Matthew Lewis, Ruta Gedmintas, Niamh Cusack and Sean Campion have been announced as the casts for a new play Unfaithful.

Unfaithful is written by award-winning playwright Owen McCafferty (Scenes From The Big Picture, Shoot The Crow) and directed by Adam Penford (Watership Down, A Small Family Business). The play was first performed on Edinburgh two years ago. 

Unfaithful questions what it means to be lovers, partners and people. Tom is enjoying a quiet pint after work. Tara lies awake whilst her boyfriend finishes his shift. When their paths cross, a chain of events is sparked that reveal the unspoken desires and regrets of two relationships on the brink.

Can relationships withstand the brutality of betrayal? Joan and Tom, Tara and Peter; two couples struggling to comprehend their roles as lovers, partners and individuals. As Tom and Tara face the tedium of daily life, how far will they go to feel their hearts beat again? When their paths cross, the emotional fall-out will be explosive. A stark and searing glimpse into the reality of our relationships - the unspoken desires, the piercing regrets, and the postponed conversations that mark us all.

The play will run from 25th August - 8th October 2016 Monday to Saturday at  7.45pm or Wednesday & Saturday at 3pm at Found 111 Theatre on Charing Cross Road, London.

Tickets can be purchased here or by phone: 020 7478 0100

Photo courtesy of Daily Mail.

u know man it started dec 2013 i never thought wed come to this day and now its july 2016 wow they did it yes they did it they did it good they did it well im proud. after all those days of trying to stream glitchy smrookies shows, trying to get a glimpse of them performing, all those quiet and worrisome days that passed by like hell, trying to figure out why sm dropped some of the members, “why the fuck isnt taeil introduced yet”, “wheres hansol”, “SHIT ITS SELFIE NIGHT”, 0701, bassbot, merry rookiesmas, supermoon, switch perf ver, “this is taipei”, “SHOW CAMPION MC DY AND JH”, yuTensol, “i lived in america for four years thats why im here man”… and even mmc (which was a big mistake imo) they did it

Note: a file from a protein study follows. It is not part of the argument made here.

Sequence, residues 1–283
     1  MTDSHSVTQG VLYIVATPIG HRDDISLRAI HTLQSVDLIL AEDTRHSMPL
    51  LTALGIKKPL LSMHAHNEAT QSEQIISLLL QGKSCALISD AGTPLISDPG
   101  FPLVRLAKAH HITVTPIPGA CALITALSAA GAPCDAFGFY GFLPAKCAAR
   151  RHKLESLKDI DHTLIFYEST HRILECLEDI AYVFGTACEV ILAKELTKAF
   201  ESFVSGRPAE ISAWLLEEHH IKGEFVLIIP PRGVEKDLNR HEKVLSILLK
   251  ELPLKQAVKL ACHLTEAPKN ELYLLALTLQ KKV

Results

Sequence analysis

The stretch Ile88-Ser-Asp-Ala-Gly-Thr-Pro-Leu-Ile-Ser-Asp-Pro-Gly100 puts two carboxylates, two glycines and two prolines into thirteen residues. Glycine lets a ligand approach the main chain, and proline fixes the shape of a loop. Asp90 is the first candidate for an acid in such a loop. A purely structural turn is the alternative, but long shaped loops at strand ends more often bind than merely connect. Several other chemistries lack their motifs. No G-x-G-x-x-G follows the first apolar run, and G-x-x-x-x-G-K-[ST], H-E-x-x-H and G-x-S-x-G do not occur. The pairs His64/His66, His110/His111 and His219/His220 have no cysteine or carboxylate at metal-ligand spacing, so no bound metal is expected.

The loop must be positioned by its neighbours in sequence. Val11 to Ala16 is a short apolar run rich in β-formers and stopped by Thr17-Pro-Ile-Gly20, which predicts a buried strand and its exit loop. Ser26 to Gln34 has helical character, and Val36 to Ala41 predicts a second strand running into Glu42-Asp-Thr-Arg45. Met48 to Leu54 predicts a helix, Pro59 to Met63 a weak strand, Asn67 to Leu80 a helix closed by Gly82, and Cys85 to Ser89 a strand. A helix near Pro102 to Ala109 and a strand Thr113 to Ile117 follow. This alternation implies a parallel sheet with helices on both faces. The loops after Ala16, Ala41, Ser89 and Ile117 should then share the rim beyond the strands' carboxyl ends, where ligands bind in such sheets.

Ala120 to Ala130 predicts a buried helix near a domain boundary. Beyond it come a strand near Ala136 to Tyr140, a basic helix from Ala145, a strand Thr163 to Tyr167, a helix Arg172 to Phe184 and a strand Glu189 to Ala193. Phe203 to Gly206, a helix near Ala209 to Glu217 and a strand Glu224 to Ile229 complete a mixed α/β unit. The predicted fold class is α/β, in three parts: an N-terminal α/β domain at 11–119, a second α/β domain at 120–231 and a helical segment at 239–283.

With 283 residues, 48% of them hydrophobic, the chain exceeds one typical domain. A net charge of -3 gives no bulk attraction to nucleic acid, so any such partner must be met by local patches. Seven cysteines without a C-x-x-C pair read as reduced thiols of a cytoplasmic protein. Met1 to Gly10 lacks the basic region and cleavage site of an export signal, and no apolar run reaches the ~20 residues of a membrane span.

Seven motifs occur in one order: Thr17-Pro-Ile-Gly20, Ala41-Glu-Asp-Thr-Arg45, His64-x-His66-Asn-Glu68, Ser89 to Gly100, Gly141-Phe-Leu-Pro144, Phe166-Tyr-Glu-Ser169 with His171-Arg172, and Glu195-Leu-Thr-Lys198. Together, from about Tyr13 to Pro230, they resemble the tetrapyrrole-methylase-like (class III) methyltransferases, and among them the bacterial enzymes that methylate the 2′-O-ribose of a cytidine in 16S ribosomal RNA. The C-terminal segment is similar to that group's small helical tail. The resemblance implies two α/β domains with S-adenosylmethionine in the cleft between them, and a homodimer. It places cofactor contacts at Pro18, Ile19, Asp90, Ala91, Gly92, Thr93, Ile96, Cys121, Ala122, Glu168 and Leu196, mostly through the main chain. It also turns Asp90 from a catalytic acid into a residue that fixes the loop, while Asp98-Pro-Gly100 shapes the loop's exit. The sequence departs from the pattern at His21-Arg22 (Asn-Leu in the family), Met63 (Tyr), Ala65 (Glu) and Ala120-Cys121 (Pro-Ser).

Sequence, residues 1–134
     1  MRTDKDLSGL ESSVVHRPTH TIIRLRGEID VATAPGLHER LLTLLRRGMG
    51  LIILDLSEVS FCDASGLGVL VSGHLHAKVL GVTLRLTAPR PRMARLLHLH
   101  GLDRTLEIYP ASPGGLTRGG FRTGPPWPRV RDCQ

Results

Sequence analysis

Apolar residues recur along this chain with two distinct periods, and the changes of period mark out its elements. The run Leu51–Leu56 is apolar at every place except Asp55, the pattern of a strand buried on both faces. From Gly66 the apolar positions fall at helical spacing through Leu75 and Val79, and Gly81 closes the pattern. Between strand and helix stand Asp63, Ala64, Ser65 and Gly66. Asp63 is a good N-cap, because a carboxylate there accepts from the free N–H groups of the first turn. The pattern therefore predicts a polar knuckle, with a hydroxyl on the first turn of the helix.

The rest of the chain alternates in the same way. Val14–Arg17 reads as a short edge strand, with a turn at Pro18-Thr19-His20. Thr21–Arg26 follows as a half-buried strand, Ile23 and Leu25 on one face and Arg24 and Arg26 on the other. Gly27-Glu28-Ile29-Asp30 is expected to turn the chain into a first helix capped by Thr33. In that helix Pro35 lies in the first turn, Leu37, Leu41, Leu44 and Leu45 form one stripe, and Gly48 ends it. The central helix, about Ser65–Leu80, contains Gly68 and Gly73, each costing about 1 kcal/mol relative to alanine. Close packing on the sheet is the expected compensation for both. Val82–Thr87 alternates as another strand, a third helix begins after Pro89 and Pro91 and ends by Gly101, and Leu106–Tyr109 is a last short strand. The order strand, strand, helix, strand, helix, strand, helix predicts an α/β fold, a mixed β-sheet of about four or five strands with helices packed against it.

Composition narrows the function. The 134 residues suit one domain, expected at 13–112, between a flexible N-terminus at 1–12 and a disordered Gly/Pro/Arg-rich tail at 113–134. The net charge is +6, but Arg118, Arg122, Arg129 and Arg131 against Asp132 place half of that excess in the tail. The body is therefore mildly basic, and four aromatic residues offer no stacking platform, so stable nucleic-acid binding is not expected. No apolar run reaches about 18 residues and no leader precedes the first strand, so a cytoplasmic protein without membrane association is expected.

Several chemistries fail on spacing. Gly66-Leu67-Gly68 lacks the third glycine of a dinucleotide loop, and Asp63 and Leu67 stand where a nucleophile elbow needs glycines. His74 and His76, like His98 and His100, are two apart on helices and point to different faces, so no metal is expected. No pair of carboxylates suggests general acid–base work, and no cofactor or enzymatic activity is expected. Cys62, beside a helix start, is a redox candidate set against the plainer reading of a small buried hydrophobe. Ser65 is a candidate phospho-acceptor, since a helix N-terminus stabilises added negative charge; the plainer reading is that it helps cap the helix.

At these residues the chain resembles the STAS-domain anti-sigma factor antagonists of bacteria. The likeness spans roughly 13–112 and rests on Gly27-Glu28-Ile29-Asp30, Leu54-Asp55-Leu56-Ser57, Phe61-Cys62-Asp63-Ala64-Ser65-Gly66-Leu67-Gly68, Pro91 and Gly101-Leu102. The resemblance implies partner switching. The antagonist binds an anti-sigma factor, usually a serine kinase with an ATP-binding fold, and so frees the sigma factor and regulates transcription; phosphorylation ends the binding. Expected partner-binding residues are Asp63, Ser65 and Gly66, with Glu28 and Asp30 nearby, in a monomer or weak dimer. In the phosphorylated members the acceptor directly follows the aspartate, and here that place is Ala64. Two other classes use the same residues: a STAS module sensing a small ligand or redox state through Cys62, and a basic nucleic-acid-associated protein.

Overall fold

now they’re here, not all of them (which breaks my heart), on stage and ready to shine with that masterpiece of an album.


Staff Pick of the Week

My pick for this week is A View of the State of Ireland, Dublin, 1633, by Edmund Spenser (that’s right, Edmund Spenser of The Faerie Queene). This book, which appears to have been rebound in the 20th century, was previously featured in a St. Patrick’s Day post from last year (read more about it there). The work is bound with Edmund Campion’s, Meredith Hanmer’s, and Henry Marlborough’s respective Histories of Ireland (Dublin, 1633).  As I stated in my previous post, “One of the many reasons I acquired this work for the collection was because of its ownership marginalia, which in a way serve as 17th- or 18th-century hotlinks to this 16th-century text.” Also in that post, I presented my favorite marginal note, “Drinking Blood.” 

Today, in another nod to @booktraces, I present more curious marginalia, and even full-page, manuscript facsimiles (fullpagialia?), from this ever-fascinating tome. There are “Jesters,” who are actually “loose fellowes,” “notable rogues,” and “partakers … of many stealthes … but also privy to many traitrous practices, and common carryers of newes”; “Robin Hood,” or Irish “Robbers and Out-lawes” who “troubled the whole state” in “every corner”; and “Women,” who are, of course, “Strumpets” and “whoores.”

It appears that the owner of this volume had an incomplete copy. It also appears that this problem was solved by seeking out someone else’s complete copy, and then very carefully hand-copying the missing pages with fully-justified lines, a facsimile of the typographic header, and even the signature marks and catch words. Some of these manuscript transcriptions go on for several pages. At the beginning of Henry Marlborough’s chronicle, the owner has even created a manuscript facsimile of the illustrative headpiece, the typographic title, and the elaborated initial, and then proceeded to annotate the facsimile pages with additional marginal notations. 

For me, this book never fails to fascinate.